It’s official: Joker has now earned one billion dollars worldwide, making it not only the highest-grossing R-rated movie of all time but, according to several sources, the most profitable comic book movie ever made. After weeks of hot takes and fears over its content and all manner of online nonsense, film has done all that Warner Bros. wanted it to and more. Todd Phillips, the director, took to his Instagram account to thank fans for bringing the movie to this point. Joker is easily the highest-grossing film he’s ever directed, having made a hefty $400 million more than 2011’s The Hangover Part II. It’s fitting that those two movies will stand as the ultimate testament to whatever legacy Phillips leaves behind as a director or, yes I’m going there, auteur. That duo of movies exemplifies everything he has delivered to audiences, the messages he wants to convey, and the methods he uses to do so. Of course, when that message is one of pure undistilled nihilism, what else can one do but sigh?
Critics and fans have spent many weeks trying to dissect what the overall themes and morals of Joker are. The lion’s share of criticism the film has faced is rooted in that ideological muddle. Some feared the movie would incite incel violence while others saw it more as an Eat The Rich fable. Phillips and star Joaquin Phoenix have been happy to encourage multiple readings of the movie, which isn’t a bad strategy, but it overlooks the truth of Joker: The message is nihilism itself, even as the script tries to quickly tack on a social message about isolation and the wealth gap. Nothing matters. You wouldn’t get it.
Truthfully, I don’t even think Joker is the bleakest of most nihilistic movie Phillips has ever made. For me, that dubious honor falls to The Hangover: Part II, film so unrelentingly dark and bitter that you walk away from it wondering if Phillips yearns for the annihilation of humanity. The first Hangover movie, released in 2009, was never my thing — my parents love it — but I understand its appeal. There are plenty of solid jokes, the characters are all well-defined and the entire affair reeks of morning-after regrets of a night out that you can’t decide whether or not you’re glad you forgot about. It’s dark but not inescapably so and rises to the level of charm through sheer force of personality thanks to the combination of Bradley Cooper, Ed Helms, and Zach Galifianakis. Making a sequel to such a lightning-in-a-bottle movie, one with an inherently one-off gimmick premise, became inevitable once the box office numbers continued to grow and it won the freaking Golden Globe for Best Comedy/Musical.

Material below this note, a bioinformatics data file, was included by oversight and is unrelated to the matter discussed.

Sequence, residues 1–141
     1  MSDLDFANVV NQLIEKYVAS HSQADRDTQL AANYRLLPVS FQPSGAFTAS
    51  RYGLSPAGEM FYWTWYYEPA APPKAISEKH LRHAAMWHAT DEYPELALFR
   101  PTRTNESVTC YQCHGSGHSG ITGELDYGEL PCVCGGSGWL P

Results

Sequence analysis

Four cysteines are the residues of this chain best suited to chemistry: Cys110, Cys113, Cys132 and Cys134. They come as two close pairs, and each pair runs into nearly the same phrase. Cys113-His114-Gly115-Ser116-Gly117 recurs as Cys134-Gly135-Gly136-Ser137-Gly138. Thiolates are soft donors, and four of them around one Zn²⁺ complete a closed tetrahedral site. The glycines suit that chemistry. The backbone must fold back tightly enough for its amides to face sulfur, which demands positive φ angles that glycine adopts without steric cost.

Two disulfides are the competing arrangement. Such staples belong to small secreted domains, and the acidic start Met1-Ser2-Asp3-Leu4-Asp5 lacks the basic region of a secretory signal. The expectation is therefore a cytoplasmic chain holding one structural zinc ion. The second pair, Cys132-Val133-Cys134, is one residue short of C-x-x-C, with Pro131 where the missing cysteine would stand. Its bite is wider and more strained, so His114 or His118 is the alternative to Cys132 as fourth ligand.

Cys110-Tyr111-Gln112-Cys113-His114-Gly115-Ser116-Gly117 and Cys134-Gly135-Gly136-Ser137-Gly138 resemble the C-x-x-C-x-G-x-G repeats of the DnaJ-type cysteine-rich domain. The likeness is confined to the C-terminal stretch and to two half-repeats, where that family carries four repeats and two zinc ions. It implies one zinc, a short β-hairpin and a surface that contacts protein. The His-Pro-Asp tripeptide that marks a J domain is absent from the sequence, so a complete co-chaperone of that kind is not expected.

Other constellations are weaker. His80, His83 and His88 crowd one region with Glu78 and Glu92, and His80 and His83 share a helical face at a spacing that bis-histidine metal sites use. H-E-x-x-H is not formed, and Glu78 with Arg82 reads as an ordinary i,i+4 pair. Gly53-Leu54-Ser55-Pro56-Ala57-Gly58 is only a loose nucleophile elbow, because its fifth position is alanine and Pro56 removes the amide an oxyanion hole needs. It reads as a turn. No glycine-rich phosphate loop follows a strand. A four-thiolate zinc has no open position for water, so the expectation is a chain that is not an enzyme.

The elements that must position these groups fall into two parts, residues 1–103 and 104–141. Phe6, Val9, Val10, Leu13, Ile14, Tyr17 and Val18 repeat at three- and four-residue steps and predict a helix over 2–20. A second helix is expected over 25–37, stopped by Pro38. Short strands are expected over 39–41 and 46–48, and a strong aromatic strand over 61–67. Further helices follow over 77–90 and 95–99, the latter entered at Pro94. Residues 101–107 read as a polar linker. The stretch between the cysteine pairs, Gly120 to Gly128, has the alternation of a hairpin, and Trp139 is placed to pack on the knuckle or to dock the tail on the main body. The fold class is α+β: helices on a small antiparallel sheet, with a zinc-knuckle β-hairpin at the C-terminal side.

Two years later came the sequel, moving the action to Thailand, a concept in and of itself that inspired unease over the potential for inevitably racist, transphobic, and xenophobic ‘jokes’. In that aspect, Phillips and company certainly didn’t let anybody down. Plot and joke-wise, it’s more of the same, but with a hefty side-order of bigotry of nearly every flavor. The trans sex worker scene is played for hilarity and revulsion, playing into the dangerous trope of cis men being ‘tricked’ into sex with trans women and encouraging true disgust at the prospect. Thailand itself is depicted as nothing but a toxic sex den where anything goes. Every character is either utterly useless, purely decorative, or depraved in ways that leave a nasty stain on the imagination. Everyone and everything is bad and the explicit aim of each moment is just baseless provocation. Oh, and Mike Tyson returns because turning a convicted rapist into a cuddly meme of a man is one of this franchise’s many crimes.